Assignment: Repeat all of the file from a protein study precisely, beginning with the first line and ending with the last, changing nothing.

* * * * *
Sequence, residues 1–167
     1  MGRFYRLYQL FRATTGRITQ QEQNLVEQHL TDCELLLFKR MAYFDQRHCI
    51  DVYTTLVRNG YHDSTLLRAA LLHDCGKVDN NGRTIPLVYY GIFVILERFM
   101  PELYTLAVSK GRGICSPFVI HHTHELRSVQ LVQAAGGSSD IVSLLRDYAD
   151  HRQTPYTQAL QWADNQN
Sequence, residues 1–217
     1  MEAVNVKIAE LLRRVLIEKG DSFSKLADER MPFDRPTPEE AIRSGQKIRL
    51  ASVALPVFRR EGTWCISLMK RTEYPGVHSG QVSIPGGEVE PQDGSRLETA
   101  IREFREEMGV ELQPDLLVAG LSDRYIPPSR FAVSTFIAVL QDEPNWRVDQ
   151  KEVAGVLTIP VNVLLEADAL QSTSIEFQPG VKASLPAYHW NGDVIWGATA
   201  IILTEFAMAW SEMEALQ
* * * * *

Sequence, residues 1–167
     1  MGRFYRLYQL FRATTGRITQ QEQNLVEQHL TDCELLLFKR MAYFDQRHCI
    51  DVYTTLVRNG YHDSTLLRAA LLHDCGKVDN NGRTIPLVYY GIFVILERFM
   101  PELYTLAVSK GRGICSPFVI HHTHELRSVQ LVQAAGGSSD IVSLLRDYAD
   151  HRQTPYTQAL QWADNQN
Sequence, residues 1–217
     1  MEAVNVKIAE LLRRVLIEKG DSFSKLADER MPFDRPTPEE AIRSGQKIRL
    51  ASVALPVFRR EGTWCISLMK RTEYPGVHSG QVSIPGGEVE PQDGSRLETA
   101  IREFREEMGV ELQPDLLVAG LSDRYIPPSR FAVSTFIAVL QDEPNWRVDQ
   151  KEVAGVLTIP VNVLLEADAL QSTSIEFQPG VKASLPAYHW NGDVIWGATA
   201  IILTEFAMAW SEMEALQ